An MSO, or Mixed Signal Oscilloscope, is an analogue oscilloscope with logic analysis channels. The main benefits of this integration are time correlation between the analog and digital channels and more powerful triggering between the two.
In this article, we will discuss why the MSO was created, popular applications of the technology and some measurement tips and tricks for getting the most out of MSOs.
Brief history of MSO
The 1990’s were the decade of the microcontroller. Miniaturisation and digitisation of electronics was happening fast. Classically, a design engineer had two key tools on their bench: an oscilloscope, and a logic analyser. These were purpose-built tools with amazing performance and capabilities. Oscilloscopes were unmatched in showing signal quality and integrity at the physical layer. Logic analysers had 64+ digital lanes with ultra-deep memory, timing and state analysis. They were useful for debugging the most complex silicon, but the needs of engineers were changing.
Microcontrollers of the time were usually 8 or 16 bit devices, and the swing from parallel to serial communications was happening. Logic analysers were a tool of last resort – often overpowered, users struggled to set up and use them. Engineers needed a simpler portable logic analyser. Hewlett Packard’s solution was the 54620A, a 16 channel timing-only logic analyser in the housing and user interface of an oscilloscope. This product was successful with engineers who needed simple timing analysis but not a complex and expensive logic analyser.
Combining the 54620A with a DSO bore the 54645D – the industry’s first mixed-signal oscilloscope. Engineers were now able to make analog and digital acquisitions simultaneously, important for designers who are conscious of transients and physical layer phenomena in digital design.
Being able to trigger on the digital channels and triggering on a specific condition - e.g. a memory write, and then view the signal integrity on the data bus - is important because signal interference such as ISI, crosstalk and jitter all impact the ability to transfer data over the bus. There are times when a specific target condition creates the perfect storm for signals. In other situations the transition from one state to another is where the issue arises. Signal integrity cannot be easily viewed on digital channels, so having access analogue channels to view physical phenomena with a fast refresh rate is critical.
Observing timing relationships on control signals and data buses is another key capability of an MSO, allowing a timing view of relationships across signals with very tight correlation between channel samples.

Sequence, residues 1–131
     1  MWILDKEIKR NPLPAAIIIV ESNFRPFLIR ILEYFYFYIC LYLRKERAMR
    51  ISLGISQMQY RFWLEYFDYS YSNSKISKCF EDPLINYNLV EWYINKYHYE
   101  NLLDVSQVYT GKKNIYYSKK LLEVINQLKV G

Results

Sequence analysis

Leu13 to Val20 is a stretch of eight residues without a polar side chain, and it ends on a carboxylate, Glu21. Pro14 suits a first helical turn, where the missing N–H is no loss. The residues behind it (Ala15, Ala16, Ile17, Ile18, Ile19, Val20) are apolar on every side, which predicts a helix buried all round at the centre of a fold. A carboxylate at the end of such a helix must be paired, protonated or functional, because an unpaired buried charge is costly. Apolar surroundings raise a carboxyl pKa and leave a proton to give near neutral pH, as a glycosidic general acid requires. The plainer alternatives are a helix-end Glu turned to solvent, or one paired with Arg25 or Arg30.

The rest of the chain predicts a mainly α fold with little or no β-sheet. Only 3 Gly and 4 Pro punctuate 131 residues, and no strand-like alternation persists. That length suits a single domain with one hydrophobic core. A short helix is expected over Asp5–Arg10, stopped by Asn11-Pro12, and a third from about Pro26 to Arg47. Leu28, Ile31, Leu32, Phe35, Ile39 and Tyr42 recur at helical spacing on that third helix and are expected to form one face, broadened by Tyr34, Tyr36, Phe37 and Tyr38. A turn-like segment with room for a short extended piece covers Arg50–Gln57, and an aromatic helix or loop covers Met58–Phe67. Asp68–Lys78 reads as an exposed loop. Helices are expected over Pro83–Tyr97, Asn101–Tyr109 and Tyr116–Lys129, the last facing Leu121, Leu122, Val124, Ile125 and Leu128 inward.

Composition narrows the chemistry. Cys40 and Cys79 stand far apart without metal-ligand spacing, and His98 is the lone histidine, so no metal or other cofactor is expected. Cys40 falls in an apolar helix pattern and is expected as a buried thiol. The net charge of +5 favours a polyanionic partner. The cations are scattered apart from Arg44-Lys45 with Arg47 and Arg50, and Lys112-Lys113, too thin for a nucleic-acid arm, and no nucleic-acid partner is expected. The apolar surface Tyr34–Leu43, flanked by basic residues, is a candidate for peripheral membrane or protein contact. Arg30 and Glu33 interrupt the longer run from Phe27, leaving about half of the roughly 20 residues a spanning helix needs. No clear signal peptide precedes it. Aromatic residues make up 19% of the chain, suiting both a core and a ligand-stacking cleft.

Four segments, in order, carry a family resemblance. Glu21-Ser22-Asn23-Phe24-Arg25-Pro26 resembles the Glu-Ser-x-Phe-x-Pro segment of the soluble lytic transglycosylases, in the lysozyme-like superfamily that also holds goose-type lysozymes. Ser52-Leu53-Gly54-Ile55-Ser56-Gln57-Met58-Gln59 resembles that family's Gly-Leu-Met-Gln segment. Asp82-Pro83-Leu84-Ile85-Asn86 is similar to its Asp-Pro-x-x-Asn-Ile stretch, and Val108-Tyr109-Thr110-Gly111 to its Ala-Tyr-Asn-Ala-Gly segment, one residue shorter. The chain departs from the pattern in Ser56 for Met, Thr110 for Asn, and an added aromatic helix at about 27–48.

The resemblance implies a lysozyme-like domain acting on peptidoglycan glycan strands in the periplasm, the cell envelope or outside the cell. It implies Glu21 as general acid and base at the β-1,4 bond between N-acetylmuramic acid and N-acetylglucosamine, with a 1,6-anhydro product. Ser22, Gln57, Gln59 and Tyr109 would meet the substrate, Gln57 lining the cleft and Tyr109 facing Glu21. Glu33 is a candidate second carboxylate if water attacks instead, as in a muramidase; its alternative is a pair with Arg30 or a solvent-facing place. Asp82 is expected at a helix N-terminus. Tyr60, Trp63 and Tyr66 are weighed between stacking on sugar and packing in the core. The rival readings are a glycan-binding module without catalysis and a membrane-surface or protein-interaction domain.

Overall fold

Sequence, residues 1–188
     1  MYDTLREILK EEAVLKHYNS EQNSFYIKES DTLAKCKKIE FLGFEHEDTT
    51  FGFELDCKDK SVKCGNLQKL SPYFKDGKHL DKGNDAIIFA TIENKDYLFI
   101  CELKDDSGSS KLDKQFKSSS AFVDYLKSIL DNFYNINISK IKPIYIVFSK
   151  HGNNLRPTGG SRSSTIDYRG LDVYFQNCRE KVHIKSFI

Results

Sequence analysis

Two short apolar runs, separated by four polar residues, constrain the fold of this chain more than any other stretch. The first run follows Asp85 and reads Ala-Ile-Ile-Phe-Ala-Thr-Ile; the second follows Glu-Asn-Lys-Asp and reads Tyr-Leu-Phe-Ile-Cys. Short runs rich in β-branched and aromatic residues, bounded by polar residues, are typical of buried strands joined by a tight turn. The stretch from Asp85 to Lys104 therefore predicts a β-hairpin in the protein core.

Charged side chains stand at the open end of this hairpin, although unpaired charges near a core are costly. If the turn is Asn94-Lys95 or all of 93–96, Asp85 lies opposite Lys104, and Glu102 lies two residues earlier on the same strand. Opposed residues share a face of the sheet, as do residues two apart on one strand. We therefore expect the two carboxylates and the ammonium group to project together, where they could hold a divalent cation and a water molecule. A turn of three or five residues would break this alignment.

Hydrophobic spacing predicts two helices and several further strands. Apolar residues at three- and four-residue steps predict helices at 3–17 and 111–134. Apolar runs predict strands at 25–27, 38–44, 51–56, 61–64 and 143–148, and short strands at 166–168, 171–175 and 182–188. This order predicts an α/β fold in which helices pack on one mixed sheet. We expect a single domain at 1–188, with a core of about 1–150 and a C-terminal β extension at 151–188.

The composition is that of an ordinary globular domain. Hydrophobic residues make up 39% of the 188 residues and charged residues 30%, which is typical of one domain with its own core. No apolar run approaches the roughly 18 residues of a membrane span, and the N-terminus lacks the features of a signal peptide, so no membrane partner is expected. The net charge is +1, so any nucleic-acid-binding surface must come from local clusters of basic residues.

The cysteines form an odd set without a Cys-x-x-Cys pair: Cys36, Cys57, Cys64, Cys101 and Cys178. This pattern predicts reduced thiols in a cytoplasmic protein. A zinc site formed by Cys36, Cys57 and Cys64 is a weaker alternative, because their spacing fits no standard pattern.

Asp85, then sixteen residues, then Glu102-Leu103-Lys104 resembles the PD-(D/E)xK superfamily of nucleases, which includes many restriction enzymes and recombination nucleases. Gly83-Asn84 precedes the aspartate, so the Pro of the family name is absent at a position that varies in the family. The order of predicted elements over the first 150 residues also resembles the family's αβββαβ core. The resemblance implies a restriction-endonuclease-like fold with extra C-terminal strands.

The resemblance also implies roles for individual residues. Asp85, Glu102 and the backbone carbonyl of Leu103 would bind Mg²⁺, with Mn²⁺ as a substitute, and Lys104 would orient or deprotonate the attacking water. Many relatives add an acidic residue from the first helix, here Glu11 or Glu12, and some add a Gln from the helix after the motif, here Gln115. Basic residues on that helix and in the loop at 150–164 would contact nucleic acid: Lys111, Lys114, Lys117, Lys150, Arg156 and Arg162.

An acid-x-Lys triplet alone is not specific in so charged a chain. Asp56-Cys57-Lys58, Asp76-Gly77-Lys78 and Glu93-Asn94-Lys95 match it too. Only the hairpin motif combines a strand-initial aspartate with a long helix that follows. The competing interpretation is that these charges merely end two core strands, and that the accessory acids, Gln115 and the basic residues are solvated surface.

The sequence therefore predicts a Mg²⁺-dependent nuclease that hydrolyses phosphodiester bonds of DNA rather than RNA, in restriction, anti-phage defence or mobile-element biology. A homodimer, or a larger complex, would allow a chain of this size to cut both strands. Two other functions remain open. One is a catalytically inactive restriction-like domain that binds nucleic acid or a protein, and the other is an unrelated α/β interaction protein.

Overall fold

The use of symbol names and bus representation views also allow an intuitive view of data bus values to validate or debug digital systems.
Another helpful use of digital inputs in an MSO is the ability to trigger the oscilloscope on a signal integrity issue detected on an analog input channel, and then observe the condition of the target system when that problem happens.
Measurement tips and tricks
Autoscale is often an engineer’s best friend! Keysight’s scopes have an autoscale that monitors all analog and digital channels for activity, and turn them on if signals are present. If digital channels have somewhat constant activity, a simple autoscale can get the screen looking much cleaner. See below for an example of before and after an autoscale after plugging in all your channels.
The two fundamental differences between logic analysers (LA) and MSOs are important to remember: Firstly, an MSO does not provide any state analysis, or definition of states; MSOs provide purely timing analysis. Secondly, the digital channels of an MSO share a timebase with the analog channels. This means the digital channels are constantly being sampled and saved into acquisition memory, not just at transitions like a dedicated LA. So any transitions that occur between samples will be reported as happening at the next sample period, and any glitches that occur within a sample period may not be recorded. This can be an issue when you are viewing very long traces of data.
Another tip is that you can define channels individually to two separate buses that can be decoded simultaneously. For example on the left, we define two four-lane buses as B1 and B2: B1 is assigned digital channels 0-3, and B2 is assigned digital channels 4-7. On the right, we’ve only defined one bus, B1, and assigned digital channels 0-7. Each bus can be between 1 and 16 channels, and there can be overlap of channels if needed.
Finally, the math functions built into the scope enable to better visualise the bus. Above is the timing chart function, assigned to Bus1 as channels 0-7. The chart will be visualised as a quasi-DAC, with a simulated analog output based on the state of the bus when a channel transitions. Scaling factors and units can be assigned to make measurements: on the above we are measuring the frequency of the output, as well as max and min based on 1 mV per code (e.g. an 8 bit bus output range of 0-256 mV).
Due to the popularity of serial protocols over parallel buses, logic analysers have largely fallen out of favour with engineers, who are more likely to reach for an MSO to make measurements. In the decades following HP’s innovative 54645D, MSO technology is now offered on a wide range of scopes. The ability to cross trigger between analog and digital channels, as well as decode and view states on screen, are powerful features that engineers leverage to design and debug today’s most challenging mixed signal designs.
A full range of Keysight Mixed Signal Oscilloscopes is available from RS.
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